Freiburg Horizons - Keynote Speech by Hal Hill
Freiburger Horizonte: The Economic Rise of Southeast Asia – Narratives, Lessons, Implications
Prof. Dr. Hal Hill, Australian National University
Jun 24, 2015
from 08:15 PM to 09:30 PM
|Where||Lecture Room HS 1098, College Building I, Platz der Universität 3|
|Contact Name||Jan-Simon Dörflinger|
öffentlich / open to the public
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Under the broader question of “Towards a Pacific World Order?”, Hal Hill, Professor for Southeast Asian Economies at the Australian National University and FRIAS Senior Fellow, will give a lecture on “The Economic Rise of Southeast Asia: Narratives, Lessons, Implications”. The lecture serves as a keynote speech for the opening of the two-day conference of the FRIAS Research Focus Southeast Asia on “Dynamic Alignments and Dealignments in Southeast Asia” from June 24-26, 2015.
The Economic Rise of Southeast Asia – Narratives, Lessons, Implications
The 10 countries of Southeast Asia, that together form the Association of Southeast Asian Nations (ASEAN), are among the most dynamic and diverse in the developing world. This dynamism is one of the factors underpinning the shift in the global centre of economic activity towards the Asia-Pacific region. If the 20th century was labeled the ‘Atlantic Century’, then we are now witnessing the transition to the ‘Pacific Century’. This Lecture examines the economic and social development of these 10 countries, set in their historical and political contexts. We explore both the region’s major achievements over recent decades and the many challenges facing its 625 million people. We also compare and contrast ASEAN with the European Union, as the two most durable regional groupings in the world today. The final part of the Lecture addresses some of the broader implications of the rise of the Asia-Pacific region.
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At the second event in the framework of the „Freiburger Horizonte“, FRIAS-Fellow Prof. Hal Hill from the Australian National University gave a lecture on the topic of “Towards a Pacific World Order? The Economic Rise of Southeast Asia: Narratives, Lessons, Implications”. The lecture also served as a keynote speech for the opening of the two-day conference of the FRIAS Research Focus “Dynamic Alignments and Dealignments in Global Southeast Asia”, which analysed the mechanisms of cooperation and conflict in Southeast Asia from the combined perspectives of economics, anthropology, history and political science.
In his lecture, Hal Hill focussed on the Association of Southeast Asian Nations (ASEAN) as the association of those ten Southeast Asian countries whose growth and dynamic, together with the “economic giants” China, Korea and Japan, led to the increasing shift of economic activities towards the Asia-Pacific region. As a professor for Southeast Asian Economies, he examined the economic and social development of these 10 countries with their 625 million people. In particular, Hal Hill referred to Indonesia as a country that went “from gloom to boom”, i.e. from a developing country to one of the 10 biggest economies worldwide, to a vibrant democracy and a dominating power inside ASEAN. He emphasized the successful transformation of Southeast Asian countries towards growth, integration into the world economy, reduction of poverty and improving education. At the same time, he identified major challenges for the region, namely the rising inequality, the vast economic and political differences within ASEAN and the existing corruption in many Southeast Asian countries. When comparing ASEAN with the European Union (EU), he highlighted the common initial concept of both communities, which aims at overcoming regional conflicts for the sake of good neighbourhood. However, he also made it clear that, contrary to the EU, national sovereignty remains a prerequisite for any form of regional cooperation in Southeast Asia, and that a transfer of authority comparable to the shift of decision-making power to Brussels in Europe, is not an option. What is more, the two organisations pursue different goals concerning economic policies: while the EU has so far concentrated on the creation of a common market, ASEAN is focussing on extra-regional trade.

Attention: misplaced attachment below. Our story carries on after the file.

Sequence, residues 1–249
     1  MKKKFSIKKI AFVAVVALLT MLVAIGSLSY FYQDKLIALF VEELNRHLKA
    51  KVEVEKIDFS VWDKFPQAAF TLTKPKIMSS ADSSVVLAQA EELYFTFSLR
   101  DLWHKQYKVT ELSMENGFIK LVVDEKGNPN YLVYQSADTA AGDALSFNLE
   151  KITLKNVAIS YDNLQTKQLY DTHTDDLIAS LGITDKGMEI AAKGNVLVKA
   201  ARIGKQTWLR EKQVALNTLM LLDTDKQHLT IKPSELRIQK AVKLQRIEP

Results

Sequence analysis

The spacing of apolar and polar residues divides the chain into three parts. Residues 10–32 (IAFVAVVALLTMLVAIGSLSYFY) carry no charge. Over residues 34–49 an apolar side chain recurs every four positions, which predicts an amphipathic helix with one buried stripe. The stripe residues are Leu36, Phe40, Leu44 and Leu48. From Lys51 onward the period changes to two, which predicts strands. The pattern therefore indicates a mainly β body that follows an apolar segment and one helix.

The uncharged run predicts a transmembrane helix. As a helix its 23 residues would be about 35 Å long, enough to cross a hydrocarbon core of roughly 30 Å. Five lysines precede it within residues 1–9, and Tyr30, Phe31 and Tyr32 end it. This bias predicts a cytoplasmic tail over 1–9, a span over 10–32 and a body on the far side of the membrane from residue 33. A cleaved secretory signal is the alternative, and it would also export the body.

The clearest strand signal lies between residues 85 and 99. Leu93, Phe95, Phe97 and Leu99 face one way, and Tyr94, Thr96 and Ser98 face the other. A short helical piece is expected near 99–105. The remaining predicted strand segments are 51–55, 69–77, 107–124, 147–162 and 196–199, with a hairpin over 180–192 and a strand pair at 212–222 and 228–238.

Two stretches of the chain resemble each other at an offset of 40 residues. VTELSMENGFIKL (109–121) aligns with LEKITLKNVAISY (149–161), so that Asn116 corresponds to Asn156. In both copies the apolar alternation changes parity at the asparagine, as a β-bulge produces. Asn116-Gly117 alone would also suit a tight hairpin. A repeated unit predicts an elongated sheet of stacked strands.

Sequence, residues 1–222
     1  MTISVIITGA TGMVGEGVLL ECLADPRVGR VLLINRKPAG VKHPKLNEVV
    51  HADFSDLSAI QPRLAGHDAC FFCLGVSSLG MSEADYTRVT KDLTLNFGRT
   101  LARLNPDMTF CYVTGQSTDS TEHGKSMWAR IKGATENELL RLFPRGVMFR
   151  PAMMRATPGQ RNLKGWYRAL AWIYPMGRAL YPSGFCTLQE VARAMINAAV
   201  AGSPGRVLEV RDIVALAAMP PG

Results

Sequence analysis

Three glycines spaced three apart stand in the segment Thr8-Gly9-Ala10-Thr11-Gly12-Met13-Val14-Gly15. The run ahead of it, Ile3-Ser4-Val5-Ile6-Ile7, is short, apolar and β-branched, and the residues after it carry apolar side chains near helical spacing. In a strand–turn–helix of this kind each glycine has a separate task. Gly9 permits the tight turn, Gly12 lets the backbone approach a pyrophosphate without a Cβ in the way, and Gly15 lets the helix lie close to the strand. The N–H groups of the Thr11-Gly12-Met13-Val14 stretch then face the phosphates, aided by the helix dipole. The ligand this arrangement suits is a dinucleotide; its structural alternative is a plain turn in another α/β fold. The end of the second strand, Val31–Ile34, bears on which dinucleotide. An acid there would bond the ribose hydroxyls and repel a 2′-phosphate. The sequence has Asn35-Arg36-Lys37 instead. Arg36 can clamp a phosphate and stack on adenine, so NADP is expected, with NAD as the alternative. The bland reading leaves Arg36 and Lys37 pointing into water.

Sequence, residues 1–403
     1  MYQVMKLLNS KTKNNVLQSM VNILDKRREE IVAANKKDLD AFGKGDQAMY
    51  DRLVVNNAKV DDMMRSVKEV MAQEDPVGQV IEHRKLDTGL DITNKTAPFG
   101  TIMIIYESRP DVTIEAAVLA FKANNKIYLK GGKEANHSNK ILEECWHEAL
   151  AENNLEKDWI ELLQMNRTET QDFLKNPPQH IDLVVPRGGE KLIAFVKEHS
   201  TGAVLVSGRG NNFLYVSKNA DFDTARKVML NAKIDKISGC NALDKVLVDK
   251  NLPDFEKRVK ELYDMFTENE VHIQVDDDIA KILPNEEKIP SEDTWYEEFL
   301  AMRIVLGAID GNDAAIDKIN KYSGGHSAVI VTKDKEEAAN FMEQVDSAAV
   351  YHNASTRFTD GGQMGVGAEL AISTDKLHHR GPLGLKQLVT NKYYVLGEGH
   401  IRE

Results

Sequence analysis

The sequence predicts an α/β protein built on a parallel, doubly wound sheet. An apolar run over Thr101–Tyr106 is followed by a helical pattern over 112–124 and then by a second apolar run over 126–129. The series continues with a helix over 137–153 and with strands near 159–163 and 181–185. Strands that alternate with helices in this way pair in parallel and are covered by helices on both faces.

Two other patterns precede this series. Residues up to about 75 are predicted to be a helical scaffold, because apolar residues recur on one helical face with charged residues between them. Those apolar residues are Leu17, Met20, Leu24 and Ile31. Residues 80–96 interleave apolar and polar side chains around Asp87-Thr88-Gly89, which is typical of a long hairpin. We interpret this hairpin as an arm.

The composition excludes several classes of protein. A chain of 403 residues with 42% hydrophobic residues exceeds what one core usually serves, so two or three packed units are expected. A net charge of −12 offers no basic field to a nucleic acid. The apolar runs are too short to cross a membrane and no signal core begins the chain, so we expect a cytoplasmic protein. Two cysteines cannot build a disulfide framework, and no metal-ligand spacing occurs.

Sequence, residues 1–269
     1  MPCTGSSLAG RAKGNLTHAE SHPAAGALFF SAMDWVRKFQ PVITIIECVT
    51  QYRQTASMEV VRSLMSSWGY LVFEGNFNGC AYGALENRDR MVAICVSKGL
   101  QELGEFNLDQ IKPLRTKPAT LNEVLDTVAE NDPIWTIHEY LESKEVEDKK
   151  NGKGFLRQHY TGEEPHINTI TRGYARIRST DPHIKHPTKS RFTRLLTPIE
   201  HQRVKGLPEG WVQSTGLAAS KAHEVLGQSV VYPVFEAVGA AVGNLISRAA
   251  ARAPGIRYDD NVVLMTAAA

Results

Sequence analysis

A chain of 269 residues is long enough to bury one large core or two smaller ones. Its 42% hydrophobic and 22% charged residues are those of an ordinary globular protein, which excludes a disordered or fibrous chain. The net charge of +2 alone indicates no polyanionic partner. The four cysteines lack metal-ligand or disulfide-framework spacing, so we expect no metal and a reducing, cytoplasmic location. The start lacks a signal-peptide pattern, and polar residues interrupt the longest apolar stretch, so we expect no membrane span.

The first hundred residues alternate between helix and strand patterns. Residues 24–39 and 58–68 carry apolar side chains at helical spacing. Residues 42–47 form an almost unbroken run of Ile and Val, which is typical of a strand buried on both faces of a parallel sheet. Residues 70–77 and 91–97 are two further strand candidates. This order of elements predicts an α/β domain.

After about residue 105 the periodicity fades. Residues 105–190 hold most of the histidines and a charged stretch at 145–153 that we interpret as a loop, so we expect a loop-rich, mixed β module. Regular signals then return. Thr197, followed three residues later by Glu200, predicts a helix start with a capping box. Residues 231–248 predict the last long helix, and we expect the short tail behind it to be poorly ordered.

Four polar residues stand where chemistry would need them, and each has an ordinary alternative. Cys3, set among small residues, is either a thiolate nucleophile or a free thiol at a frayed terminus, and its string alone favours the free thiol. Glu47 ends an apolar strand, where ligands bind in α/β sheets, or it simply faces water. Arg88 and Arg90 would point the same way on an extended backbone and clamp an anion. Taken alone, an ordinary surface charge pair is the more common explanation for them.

After the lecture, participants were able to get together with Hal Hill and members of the FRIAS Research Focus Southeast Asia during a reception. The topic “Towards a Pacific World Order?” will be further discussed in another “Freiburger Horizonte”-event on November 18, 2015 in a panel discussion with participants from science and politics.
Hal Hill is the H.W. Arndt Professor of Southeast Asian Economies at the Australian National University. His general research interests are the economies of ASEAN, including country case studies and thematic, comparative work; industrialization and foreign investment in East Asia; regional (sub-national) development; and the political economy of development. He is the author or editor of 18 books and has written about 150 academic papers and book chapters. He has worked as a consultant for the Australian Government, the Indonesian Government, the World Bank, the Asian Development Bank, and several United Nations agencies.